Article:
Emotion is defined classically as the feeling that we derive from our circumstances, , moods and social interactions with other people. We feel a cocktail of emotions all through our lives. However, have you thought that your emotions can influence the way we make decisions about events that pan out within our lives?
Each one of us has ups and downs, bouts of anger and anxiety, as well as periods of incomparable happiness. If we come to think of it, it is probably true that we took a decision based on how we felt about a situation on a particular day. There has been much debate as to whether emotions play the key role in making decisions, over reason, Both of these factors do come into play when we make a decision, but David Hume has argued that reason will always be a slave to passion and the emotions we feel.
Emotions can guide reason too sometimes. Just think about a scenario where you’re investing in stocks. Riskier buys will make you feel a little bit insecure, but something safe, secure and backed by secondary opinion is often reassuring. The fear of ending up losing money drives us away from investing in something less secure. Results from a study conducted on victims of injury to the ventromedial prefrontal cortex of the brain showed that emotions can affect decision making in both positive and negative ways. Victims of VmPFC injuries show less receptivity for emotionally based reasoning, and would thus choose a riskier option even after being told it isn’t viable.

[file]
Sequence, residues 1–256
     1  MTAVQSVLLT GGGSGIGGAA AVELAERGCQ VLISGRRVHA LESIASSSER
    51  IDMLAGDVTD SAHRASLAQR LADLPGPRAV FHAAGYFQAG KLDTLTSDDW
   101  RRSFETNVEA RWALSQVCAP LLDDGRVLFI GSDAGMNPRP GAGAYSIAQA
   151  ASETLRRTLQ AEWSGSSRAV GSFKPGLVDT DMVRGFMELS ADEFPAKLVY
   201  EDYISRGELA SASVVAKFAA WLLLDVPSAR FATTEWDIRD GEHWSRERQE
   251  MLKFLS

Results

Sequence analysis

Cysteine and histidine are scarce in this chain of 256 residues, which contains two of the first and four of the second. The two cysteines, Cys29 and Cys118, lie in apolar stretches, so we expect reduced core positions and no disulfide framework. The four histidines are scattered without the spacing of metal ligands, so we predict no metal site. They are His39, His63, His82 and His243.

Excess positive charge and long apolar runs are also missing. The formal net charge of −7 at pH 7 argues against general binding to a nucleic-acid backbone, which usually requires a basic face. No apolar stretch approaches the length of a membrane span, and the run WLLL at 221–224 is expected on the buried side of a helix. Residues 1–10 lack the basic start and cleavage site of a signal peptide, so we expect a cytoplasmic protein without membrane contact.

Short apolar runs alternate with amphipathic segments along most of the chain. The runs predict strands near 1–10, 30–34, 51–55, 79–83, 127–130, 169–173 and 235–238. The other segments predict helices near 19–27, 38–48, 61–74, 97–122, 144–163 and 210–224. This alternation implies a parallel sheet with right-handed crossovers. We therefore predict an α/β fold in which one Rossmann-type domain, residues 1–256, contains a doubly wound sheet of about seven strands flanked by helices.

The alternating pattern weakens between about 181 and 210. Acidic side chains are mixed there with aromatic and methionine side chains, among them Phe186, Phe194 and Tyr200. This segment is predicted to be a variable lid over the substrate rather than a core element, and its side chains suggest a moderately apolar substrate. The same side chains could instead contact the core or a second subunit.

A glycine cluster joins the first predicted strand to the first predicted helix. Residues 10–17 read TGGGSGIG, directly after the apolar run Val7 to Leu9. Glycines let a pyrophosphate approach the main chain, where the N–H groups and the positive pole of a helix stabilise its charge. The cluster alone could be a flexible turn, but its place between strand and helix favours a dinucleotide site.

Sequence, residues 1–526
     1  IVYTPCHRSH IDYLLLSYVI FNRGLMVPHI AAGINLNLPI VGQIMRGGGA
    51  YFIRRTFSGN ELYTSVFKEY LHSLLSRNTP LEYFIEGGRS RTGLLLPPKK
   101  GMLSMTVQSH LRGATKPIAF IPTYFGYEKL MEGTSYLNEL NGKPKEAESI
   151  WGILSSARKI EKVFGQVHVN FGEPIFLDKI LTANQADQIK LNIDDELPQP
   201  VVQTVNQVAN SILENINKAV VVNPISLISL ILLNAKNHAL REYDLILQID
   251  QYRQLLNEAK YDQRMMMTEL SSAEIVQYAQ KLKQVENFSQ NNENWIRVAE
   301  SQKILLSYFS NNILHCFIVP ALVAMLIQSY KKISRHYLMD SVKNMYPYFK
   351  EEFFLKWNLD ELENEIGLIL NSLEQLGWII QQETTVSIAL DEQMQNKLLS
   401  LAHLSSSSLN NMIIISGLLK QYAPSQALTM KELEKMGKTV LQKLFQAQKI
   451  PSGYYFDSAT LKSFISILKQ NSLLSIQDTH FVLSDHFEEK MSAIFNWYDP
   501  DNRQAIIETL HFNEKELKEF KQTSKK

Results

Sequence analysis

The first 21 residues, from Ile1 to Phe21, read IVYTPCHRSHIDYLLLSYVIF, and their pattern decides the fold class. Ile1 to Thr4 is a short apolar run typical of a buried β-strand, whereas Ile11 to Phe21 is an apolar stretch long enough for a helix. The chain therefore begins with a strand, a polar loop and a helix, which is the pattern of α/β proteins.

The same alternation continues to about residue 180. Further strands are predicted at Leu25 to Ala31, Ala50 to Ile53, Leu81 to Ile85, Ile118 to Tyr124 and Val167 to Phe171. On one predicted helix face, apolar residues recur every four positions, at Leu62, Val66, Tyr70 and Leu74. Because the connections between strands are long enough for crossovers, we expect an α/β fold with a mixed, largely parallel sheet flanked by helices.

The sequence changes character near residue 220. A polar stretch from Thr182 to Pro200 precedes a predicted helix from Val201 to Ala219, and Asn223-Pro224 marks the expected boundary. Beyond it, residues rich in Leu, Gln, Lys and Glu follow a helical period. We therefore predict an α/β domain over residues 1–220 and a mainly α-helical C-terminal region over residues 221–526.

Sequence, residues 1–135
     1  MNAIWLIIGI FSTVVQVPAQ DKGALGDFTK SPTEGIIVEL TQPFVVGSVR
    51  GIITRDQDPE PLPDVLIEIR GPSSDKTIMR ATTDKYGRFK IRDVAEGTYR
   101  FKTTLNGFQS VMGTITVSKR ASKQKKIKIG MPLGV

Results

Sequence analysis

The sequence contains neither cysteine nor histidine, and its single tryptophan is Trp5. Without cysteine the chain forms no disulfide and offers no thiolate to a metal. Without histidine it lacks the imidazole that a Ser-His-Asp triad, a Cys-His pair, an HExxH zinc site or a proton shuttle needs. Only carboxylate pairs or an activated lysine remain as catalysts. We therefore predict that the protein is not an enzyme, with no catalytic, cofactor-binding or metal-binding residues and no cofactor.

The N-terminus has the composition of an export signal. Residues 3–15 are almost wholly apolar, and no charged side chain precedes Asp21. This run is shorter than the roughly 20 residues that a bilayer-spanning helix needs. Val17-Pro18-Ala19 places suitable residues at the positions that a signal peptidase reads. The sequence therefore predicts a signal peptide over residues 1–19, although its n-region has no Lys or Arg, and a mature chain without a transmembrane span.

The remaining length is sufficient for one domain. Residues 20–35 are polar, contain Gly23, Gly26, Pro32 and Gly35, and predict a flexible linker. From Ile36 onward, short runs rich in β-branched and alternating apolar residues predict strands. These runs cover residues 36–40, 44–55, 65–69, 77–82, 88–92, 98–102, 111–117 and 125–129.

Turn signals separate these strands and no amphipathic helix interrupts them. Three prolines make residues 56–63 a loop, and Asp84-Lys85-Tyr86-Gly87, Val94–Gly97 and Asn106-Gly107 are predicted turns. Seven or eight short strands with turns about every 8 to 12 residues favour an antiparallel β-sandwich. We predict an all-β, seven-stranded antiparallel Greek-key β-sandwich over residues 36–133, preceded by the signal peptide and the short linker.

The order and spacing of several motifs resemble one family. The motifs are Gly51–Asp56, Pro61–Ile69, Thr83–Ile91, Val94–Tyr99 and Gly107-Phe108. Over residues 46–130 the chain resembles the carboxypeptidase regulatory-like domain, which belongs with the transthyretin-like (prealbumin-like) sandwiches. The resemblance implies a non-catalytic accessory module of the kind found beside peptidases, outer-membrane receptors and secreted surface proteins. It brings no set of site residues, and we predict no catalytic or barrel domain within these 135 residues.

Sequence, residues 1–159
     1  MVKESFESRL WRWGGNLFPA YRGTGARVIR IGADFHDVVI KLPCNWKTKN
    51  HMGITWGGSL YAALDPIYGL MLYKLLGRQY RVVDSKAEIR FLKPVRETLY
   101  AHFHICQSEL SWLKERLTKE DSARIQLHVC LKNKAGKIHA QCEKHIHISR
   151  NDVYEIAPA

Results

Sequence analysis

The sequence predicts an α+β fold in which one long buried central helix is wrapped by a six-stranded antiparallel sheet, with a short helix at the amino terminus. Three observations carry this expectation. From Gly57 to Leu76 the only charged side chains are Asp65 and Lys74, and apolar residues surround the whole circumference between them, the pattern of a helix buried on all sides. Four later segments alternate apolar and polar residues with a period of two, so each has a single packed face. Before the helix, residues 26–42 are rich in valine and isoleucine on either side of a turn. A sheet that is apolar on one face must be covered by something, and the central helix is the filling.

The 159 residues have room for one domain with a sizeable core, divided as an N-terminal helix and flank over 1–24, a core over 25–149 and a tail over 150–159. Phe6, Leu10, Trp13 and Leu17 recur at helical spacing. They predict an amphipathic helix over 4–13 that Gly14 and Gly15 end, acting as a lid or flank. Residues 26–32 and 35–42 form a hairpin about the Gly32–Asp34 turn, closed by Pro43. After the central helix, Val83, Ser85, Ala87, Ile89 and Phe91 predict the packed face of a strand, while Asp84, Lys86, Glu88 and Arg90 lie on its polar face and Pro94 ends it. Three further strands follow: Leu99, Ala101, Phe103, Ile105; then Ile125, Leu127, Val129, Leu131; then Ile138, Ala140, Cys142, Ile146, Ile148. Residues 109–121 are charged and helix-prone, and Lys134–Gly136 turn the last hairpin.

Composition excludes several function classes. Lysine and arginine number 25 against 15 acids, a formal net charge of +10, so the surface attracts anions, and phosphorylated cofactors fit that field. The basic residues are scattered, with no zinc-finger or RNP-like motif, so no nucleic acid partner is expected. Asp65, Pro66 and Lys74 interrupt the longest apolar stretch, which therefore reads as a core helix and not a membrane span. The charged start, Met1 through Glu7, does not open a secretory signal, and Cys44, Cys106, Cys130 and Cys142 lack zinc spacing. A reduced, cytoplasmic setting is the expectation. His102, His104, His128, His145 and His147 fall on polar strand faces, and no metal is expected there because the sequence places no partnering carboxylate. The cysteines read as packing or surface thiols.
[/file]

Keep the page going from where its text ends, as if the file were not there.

Once emotions get attached to phenomena, it is increasingly difficult to remove the emotional associations we make. Emotions help us suggest alternative courses of action for problems we may encounter, or even simple daily routines. On a harrowing day at work, one might choose to hit the sheets for the night early rather than stay up and binge watch a television show. The very tiredness that comes from the stress at work leads us to feel that we need to be in higher spirits the next morning, possibly leading one to want a good night’s sleep.
Biases are also introduced into our lived experience by emotions. When we fear something irrationally, it often leads us to make slightly skewed decisions. Imagine that you’re scared of moths, but not snakes. If you merely used your emotions to weigh out decisions, then you’d approach a snake rather than a moth, and probably get bitten! In (extremely hypothetical and also real) cases, reason can thus become the partner-in-crime that emotion has to filter out its passionate nature into something driven by an fiery determination, backed by pragmatism.
Continuing in the spirit of our last posts that talked about realism and positivity, emotions and reason are two sides of the same coin. We need to understand when to flip the coin in our lives and weigh out when to bring in reason, and when it is safe to be emotional and fiery. let’s take a professional example from work. Suppose you’re the editor of a magazine, and one of your interns has submitted a plagiarized piece to you. The first obvious reaction to this would be annoyance, but is a stern, miffed-sounding attitude the best way to express your feelings? It certainly isn’t because it might not only hurt the individual concerned, but also makes you seem unprofessional. Rather than being emotional, a more pragmatic, assertive approach would be more favorable in this case. Saying ‘I’m really disappointed that you plagiarized this piece’ rather than ‘I don’t think you understand how to write internet copy’ would definitely be a better approach to take up.
It is thus clear that there are different phenomena within our lives that are marked by different outcomes. These are based on the emotions we tend to show when we are faced with these situations, and the way reason interacts with our emotional palette to make us act in certain ways.